Q. Places like Psalm 25:12 & 14 speak of the fear of the Lord. Is it by fear then that we ultimately look toward Him for salvation?
A. According to Strong’s Concordance it’s a reverent fear, which I think is more like the respect we feel toward a powerful dignitary.
Even so, in the Old Testament it was the fear of loss that ultimately motivated most people. Violations of God’s Law were not tolerated and justice was often swift and decisive. The security of their relationship with God was only good for a year at a time, and had to be renewed every fall on Yom Kippur. Blessings were contingent upon obedience and could be quickly withdrawn.
In the New Testament it’s our faith in the promise of gain that drives us, because through the cross God has reconciled us to Himself and made peace with us (Colossians 1:19-20). In coming to Him we gain a better life here and for all of eternity. Romans 2:4 says it’s God’s kindness that leads us to repentance, showing how the cross changed things from God’s perspective.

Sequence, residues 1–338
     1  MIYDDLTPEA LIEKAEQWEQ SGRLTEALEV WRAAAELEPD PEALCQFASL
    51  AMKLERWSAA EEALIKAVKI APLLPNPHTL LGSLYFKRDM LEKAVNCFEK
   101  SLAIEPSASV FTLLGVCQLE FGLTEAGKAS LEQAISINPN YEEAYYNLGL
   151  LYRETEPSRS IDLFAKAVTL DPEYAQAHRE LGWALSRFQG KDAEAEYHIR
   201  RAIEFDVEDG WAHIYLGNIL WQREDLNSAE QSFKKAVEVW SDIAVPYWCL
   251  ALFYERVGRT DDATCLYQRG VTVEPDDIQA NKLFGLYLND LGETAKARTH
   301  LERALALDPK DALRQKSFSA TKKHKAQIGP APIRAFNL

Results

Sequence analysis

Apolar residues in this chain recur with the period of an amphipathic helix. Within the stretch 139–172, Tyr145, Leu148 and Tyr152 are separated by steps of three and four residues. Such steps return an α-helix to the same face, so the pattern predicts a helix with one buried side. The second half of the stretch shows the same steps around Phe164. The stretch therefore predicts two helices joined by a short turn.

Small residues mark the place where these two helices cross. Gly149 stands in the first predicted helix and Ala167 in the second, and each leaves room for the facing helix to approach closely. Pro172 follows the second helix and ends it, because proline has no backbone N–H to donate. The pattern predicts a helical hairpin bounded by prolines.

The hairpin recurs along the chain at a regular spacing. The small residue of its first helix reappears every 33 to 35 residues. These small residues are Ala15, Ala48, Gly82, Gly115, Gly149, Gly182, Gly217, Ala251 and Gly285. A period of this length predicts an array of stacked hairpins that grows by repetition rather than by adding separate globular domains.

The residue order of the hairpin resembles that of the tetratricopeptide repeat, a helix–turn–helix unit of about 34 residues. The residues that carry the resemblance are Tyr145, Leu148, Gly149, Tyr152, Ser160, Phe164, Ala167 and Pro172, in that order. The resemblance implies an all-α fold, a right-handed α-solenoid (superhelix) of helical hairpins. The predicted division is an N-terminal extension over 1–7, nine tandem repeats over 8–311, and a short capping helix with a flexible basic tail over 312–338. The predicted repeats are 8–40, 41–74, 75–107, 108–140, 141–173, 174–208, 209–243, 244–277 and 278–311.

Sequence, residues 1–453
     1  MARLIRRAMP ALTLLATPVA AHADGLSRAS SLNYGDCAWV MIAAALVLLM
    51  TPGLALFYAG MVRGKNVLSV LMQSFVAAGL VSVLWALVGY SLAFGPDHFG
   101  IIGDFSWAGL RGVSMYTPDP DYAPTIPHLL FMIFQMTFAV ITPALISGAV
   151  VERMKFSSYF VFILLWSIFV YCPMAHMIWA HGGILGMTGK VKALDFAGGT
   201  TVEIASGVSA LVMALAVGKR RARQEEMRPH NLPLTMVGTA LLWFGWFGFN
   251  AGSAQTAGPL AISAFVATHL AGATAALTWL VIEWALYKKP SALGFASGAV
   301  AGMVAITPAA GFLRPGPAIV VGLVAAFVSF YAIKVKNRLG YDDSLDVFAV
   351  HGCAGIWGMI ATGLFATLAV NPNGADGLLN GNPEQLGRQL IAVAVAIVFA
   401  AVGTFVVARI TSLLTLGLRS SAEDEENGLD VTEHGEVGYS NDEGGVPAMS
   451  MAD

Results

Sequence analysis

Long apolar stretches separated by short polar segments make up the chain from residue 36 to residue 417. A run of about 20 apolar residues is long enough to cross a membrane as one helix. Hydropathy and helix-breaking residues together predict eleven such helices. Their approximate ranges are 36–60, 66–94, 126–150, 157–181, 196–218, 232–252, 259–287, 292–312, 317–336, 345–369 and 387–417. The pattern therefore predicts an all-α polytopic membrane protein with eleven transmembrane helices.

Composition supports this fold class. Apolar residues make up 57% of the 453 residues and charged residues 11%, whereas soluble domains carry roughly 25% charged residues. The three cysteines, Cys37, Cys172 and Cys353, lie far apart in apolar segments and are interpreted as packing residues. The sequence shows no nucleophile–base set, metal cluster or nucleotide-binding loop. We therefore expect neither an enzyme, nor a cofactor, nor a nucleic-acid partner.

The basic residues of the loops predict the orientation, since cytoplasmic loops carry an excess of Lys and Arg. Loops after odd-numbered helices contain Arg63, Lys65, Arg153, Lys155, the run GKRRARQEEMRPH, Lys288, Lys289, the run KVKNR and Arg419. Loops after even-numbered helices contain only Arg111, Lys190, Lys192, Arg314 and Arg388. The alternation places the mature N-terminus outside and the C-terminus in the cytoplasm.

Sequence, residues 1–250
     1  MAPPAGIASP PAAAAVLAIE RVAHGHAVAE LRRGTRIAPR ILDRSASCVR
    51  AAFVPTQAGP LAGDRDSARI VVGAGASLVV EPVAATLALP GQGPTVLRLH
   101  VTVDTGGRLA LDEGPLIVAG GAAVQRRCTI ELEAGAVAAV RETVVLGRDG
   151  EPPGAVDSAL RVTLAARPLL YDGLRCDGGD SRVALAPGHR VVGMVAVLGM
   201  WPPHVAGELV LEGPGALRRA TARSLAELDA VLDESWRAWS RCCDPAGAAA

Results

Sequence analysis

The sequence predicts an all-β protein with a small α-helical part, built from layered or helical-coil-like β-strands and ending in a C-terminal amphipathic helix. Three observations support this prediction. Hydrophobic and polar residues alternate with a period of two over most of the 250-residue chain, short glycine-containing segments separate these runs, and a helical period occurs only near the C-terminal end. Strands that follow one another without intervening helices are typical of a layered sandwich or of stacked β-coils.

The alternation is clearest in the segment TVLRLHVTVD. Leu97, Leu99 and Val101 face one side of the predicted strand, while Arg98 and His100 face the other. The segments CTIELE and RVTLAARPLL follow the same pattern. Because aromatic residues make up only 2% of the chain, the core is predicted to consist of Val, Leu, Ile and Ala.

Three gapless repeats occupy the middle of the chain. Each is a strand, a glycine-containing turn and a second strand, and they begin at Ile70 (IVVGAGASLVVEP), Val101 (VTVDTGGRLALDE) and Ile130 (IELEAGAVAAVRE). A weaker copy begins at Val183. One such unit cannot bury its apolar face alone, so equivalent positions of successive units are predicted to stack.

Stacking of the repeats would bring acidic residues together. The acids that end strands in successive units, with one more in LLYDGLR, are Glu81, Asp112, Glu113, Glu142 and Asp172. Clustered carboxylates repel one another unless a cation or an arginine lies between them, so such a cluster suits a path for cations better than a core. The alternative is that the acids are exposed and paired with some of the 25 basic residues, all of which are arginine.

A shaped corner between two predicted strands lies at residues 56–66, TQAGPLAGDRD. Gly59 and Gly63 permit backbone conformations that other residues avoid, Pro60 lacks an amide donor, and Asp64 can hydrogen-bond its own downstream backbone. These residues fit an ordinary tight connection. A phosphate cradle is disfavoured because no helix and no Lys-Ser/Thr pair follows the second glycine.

Fear and faith cannot occupy the same mind at the same time. 1 John 4:18 says, “Perfect love drives out fear, because fear has to do with punishment.” The Lord is the only source of perfect love. His promise of forgiveness drives away our fear of punishment and gives us peace. His gift of the Holy Spirit as a deposit guaranteeing our inheritance (Ephes. 1:13-14) gives us life long security.
In coming to Him we are assured of a better life, now and forever. We really have nothing to lose.